GO AUTHENTIC BY COOKING WITH THE RIGHT FATS & OILS

Available in : Vietnamese

 

July 24.2021

 

 

 

 

 

Anyone can pour some oil into a pan and cook. But choosing the right cooking oil can make a difference between a good dish and a great authentic dish. Because of their neutral flavor, oils can be used in almost any cooking style, and they are considered healthier than animal fats. However, nothing beats authentic products when it comes to gastronomy.
The use of indigenous ingredients, spice and herb combinations, and native cooking techniques distinguishes world cuisines. Different cooking oils will produce different results depending on whether you plan to bake, broil, grill, fry, deep-fry, or roast. You’ve probably heard that flavor is in the fat, which is why it makes sense to start your cooking foundation with a specific type of fat. The oil you use will mean the difference between a tasty, nutritious meal and a mundane meal.

 

 

 

 

 

 

Which oil is used to cook food in every country?

North America cooking: Butter

Caribbean and southern US: Coconut oil and peanut oil

Europe: Butter, Lard, Suet, and Schmaltz Are Traditional Fats in Europe.

France: Butter. Olive oil. Rendered goose and duck fat.

Mediterranéen countries: Olive oil is central to Mediterranean cuisines from Southern Europe, including Spain, Portugal, France, Italy, Greece, Turkey, and the Middle East, when it comes to vegetable oils. Countries such as Syria, Jordan, Lebanon, and Israel, as well as Northern African cuisine from Morocco to Egypt, rely on it.

India: Ghee, clarified butter.

East europe, Israel, Poland, and Ukrain use Schmaltz, rendered fat from chicken or geese.

 

 

 

 

 

 

China – Thailand – Spain – Italy – Southern Europe – Mexico – South America: Pork fat.

English: Suet, made from rendered kidney fat of beef or mutton, is a traditional ingredient in classic English and Irish dishes such as steak and kidney pudding and Irish stew.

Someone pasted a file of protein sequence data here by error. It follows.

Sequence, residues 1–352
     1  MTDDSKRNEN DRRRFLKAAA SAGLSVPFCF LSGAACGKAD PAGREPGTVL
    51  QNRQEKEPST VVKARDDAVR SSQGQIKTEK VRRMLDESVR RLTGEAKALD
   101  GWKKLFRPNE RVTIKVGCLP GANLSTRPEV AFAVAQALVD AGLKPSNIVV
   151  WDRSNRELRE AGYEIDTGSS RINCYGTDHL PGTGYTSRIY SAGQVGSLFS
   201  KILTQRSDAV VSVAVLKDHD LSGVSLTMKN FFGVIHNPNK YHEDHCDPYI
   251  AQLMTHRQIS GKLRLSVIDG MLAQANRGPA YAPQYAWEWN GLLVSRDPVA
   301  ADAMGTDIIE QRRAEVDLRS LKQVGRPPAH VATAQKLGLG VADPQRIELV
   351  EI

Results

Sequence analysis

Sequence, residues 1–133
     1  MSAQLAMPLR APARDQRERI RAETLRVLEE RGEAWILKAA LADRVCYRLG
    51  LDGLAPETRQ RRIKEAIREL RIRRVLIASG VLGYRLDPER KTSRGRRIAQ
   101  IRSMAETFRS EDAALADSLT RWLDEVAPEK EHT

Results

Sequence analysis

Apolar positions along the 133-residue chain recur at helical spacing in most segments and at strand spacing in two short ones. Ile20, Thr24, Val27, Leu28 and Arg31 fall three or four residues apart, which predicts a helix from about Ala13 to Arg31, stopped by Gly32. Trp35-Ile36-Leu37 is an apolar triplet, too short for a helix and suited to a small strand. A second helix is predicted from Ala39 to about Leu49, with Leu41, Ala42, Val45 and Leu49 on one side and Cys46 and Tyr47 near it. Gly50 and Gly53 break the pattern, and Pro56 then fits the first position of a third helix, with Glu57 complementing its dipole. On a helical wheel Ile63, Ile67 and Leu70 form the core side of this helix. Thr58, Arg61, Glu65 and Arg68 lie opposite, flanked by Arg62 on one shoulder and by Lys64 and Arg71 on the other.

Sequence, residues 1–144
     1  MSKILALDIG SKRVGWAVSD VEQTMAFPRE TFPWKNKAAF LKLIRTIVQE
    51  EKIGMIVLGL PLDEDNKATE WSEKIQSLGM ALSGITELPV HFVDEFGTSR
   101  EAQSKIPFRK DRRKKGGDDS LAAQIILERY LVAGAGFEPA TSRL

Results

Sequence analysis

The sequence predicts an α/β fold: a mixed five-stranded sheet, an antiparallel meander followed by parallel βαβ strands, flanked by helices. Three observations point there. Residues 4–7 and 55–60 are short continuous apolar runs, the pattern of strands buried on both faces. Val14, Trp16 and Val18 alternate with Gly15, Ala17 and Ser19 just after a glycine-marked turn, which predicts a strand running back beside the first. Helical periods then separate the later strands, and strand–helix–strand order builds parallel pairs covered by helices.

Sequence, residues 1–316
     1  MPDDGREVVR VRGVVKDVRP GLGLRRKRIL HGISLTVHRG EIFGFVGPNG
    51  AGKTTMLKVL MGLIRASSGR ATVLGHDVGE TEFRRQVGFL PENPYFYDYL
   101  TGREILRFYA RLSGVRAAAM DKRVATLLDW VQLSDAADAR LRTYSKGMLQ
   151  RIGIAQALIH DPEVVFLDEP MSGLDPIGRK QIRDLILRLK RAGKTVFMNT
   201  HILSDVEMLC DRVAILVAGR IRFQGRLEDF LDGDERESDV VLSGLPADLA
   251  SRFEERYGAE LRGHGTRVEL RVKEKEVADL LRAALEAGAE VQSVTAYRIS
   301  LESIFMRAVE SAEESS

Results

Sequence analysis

Asian cuisine: Peanut and sesame oil are used in Chinese cooking, while coconut and soy oils are used in Thai and Vietnamese cuisines. Coconut oil, as well as the characteristically pungent mustard oil, can be found in Southern Asian countries such as India, Pakistan, and Bangladesh. Coconut oil is also used in Caribbean cooking. Because of its light, neutral flavor, bran oil is popular in Japan.

 

 

 

 

 

 

Africa : Olive Oil (North Africa), Dendê Oil (West Africa), and Peanut Oil are Cooking Oils of Africa

Western Africa and Brazil: Red palm fruit oil, also known as Dendê oil (not to be confused with highly refined palm kernel oil extracted from the tree’s seeds), a reddish-orange oil extracted from palm fruit trees and is an essential ingredient in Western African and Brazilian cuisine. Saturated fatty acids can be found in tropical oils like palm oil and coconut oil, as well as animal fats like butter or ghee. These oils and fats are best suited for deep-frying and high-temperature cooking.

 

 

 

 

 

 

Monounsaturated Fatty Acids (MUFAs)

Monounsaturated fatty acids lack two hydrogen atoms and instead have a single double bond between their two carbons. Because monounsaturated fatty acids are not as densely packed as saturated fatty acids, they cannot withstand such high temperatures. Olive oil, avocado oil, and nut oils all contain monounsaturated fatty acids.

 

Polyunsaturated Fatty Acids (PUFAs)

Polyunsaturated fatty acids have two or more double bonds and lack several hydrogen atoms. Canola (rapeseed) oil, corn oil, cottonseed oil, grapeseed oil, rice bran oil, safflower oil, sunflower oil, and soy oil are all high in polyunsaturated fats. When heated, these are extremely unstable and produce a large amount of free radicals.

 

Smoke point of cooking oils

The smoke point is the temperature at which the oil ceases to simmer and begins to smoke. The higher the smoke point, the more stable the oil. When oil is heated beyond its smoke point, it decomposes, losing beneficial nutrients, emitting toxic fumes, and producing harmful free radicals. Also, the presence of smoke indicates that the oil is very close to its “flash point,” or the point at which it may catch fire. If you need oil for high-heat cooking or oil with a mild flavor, look for naturally refined cooking oils made with lower temperatures and natural agents such as citric acid. One of the best is refined coconut oil.

 

 

 

 

 

 

 

 

 

Available in : Vietnamese

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